State agencies begin AMBER Alerts on Facebook - KAIT Jonesboro, AR - Region 8 News, weather, sports

State agencies begin AMBER Alerts on Facebook

KENNETT, MO (KAIT) – Officials with state agencies across the country and Facebook today announced the launch of AMBER alert pages on the social networking site in case of crimes against children. State police agencies issue AMBER alerts when a child is abducted or kidnapped and is in harm's way.

With Facebook's millions of users, police agencies believe the medium can be used to generate more tips about a child's location in case of emergency.

"You could pretty well depend on this because people know who you are and the information is usually good," said Kennett Police Chief Barry Tate. "We've used it and a lot of people will send tips. We've got a lot of tips about crime or to be looking in certain areas for certain things."

Tate said Wednesday he believes the idea of using Facebook and other social media in this way is a good idea. He also believes the new measure would help trim down the amount of time it takes to find a child, increasing the likelihood police find them safe.

"It's very fast information, very good information," said Tate. "Highway patrol is also involved in this and the highway patrol and all the troops will rebroadcast this information to all the troops and police departments throughout the state of Missouri."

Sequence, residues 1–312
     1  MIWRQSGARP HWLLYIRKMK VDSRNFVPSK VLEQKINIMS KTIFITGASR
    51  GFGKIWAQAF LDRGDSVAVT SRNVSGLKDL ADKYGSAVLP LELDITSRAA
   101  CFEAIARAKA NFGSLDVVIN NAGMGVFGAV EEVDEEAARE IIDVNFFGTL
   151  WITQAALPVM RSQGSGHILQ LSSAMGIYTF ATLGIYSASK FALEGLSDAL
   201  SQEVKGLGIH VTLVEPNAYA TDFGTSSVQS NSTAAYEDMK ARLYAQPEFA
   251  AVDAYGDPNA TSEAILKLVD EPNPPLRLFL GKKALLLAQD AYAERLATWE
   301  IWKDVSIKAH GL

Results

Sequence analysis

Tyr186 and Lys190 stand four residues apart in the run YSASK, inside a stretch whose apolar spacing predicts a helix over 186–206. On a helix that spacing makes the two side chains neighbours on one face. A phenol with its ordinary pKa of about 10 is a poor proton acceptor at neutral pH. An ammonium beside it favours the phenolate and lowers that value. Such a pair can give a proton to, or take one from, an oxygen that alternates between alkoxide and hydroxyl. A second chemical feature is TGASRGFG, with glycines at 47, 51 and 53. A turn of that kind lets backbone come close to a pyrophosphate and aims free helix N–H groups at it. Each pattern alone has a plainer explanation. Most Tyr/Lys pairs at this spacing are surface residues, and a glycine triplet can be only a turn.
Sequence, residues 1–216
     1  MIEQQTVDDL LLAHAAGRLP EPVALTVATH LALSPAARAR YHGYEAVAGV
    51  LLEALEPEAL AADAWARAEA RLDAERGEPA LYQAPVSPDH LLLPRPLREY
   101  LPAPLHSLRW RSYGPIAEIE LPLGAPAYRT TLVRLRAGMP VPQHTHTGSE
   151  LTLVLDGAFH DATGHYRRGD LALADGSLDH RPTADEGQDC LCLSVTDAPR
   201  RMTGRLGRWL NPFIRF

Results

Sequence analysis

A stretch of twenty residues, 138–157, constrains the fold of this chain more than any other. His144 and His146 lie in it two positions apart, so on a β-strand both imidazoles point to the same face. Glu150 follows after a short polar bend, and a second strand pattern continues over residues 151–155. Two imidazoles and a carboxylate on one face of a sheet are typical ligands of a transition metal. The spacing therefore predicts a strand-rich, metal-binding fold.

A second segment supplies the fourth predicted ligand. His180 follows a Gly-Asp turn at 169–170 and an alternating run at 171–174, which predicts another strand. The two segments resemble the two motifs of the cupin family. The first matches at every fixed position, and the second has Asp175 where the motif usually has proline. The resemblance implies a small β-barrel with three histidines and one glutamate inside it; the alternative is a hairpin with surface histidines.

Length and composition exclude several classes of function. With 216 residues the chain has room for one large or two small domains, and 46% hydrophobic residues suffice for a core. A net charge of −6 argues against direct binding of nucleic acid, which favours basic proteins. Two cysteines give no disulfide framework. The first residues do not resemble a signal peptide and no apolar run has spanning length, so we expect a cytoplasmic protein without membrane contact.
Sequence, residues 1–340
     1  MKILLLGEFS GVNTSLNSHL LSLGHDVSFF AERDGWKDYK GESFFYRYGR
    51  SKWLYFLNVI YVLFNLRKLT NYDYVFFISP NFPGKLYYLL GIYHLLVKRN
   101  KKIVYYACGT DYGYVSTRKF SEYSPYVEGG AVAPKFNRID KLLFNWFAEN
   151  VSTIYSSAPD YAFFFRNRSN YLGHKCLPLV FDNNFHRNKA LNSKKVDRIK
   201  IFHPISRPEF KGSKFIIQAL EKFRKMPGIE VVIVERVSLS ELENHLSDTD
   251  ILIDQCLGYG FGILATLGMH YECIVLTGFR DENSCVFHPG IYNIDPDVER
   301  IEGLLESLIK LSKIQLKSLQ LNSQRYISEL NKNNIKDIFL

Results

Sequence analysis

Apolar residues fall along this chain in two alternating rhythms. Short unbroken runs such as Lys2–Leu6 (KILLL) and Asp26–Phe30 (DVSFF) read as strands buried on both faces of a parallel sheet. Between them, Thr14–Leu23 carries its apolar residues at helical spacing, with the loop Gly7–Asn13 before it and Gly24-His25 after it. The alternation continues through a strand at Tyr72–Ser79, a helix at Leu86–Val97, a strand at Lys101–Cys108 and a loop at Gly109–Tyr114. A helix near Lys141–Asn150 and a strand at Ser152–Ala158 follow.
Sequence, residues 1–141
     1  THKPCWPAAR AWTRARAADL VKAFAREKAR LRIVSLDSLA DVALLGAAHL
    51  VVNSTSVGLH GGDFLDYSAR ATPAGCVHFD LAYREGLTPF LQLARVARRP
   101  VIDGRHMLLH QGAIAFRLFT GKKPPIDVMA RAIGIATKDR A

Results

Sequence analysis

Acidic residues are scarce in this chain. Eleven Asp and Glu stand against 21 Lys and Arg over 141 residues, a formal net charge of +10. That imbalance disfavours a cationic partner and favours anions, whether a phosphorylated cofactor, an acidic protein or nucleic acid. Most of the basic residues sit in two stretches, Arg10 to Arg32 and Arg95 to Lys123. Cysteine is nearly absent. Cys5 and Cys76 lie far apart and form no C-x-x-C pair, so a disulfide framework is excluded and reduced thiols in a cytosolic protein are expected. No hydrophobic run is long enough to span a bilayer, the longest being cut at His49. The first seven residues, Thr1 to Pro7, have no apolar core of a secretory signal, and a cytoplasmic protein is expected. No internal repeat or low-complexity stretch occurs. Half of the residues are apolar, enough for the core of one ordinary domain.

AMBER alert pages were posted to Facebook Wednesday. To find the page for Arkansas, click here. For Missouri, click here.

"I think Facebook is excellent and an excellent tool for law enforcement and the whole community," said Tate. "I wouldn't think the AMBER alert would be used in any other type. If it wasn't serious, it wouldn't be broadcast."

All 50 states, including the District of Columbia, plan to join Facebook to save children from abduction and other crimes.

"A lot of them utilize Facebook. Our drug task force, they've benefited greatly," said Trina Bell, officer with Kennett Police. "Tips on vehicle locations, where they're coming from, where they're going to and things of that nature."

Bell said Facebook has been utilized by the city's humane department as well.

"What they've observed, if the animal is malnourished, out in the cold with no food. What they've observed and our humane department has really been on top of that, prosecuting and making some arrests on it," said Bell.

Bell said there is only one downside she sees with Facebook postings on AMBER alert pages.

"The downside to possibly utilizing Facebook as far as receiving tips and information would be that some people would try to deter you and send you in another direction and get your focus off of where you need to be," said Bell.

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